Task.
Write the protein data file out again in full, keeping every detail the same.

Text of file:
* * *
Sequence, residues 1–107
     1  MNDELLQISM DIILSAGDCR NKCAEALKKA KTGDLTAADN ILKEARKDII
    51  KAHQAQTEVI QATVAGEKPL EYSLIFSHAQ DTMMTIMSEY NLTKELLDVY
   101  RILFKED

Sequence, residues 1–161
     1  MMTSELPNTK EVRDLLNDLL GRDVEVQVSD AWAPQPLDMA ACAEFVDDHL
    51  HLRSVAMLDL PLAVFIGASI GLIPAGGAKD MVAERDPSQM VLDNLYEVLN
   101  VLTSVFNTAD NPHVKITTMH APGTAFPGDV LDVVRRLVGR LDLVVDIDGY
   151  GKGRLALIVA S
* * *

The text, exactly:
Sequence, residues 1–107
     1  MNDELLQISM DIILSAGDCR NKCAEALKKA KTGDLTAADN ILKEARKDII
    51  KAHQAQTEVI QATVAGEKPL EYSLIFSHAQ DTMMTIMSEY NLTKELLDVY
   101  RILFKED

Sequence, residues 1–161
     1  MMTSELPNTK EVRDLLNDLL GRDVEVQVSD AWAPQPLDMA ACAEFVDDHL
    51  HLRSVAMLDL PLAVFIGASI GLIPAGGAKD MVAERDPSQM VLDNLYEVLN
   101  VLTSVFNTAD NPHVKITTMH APGTAFPGDV LDVVRRLVGR LDLVVDIDGY
   151  GKGRLALIVA S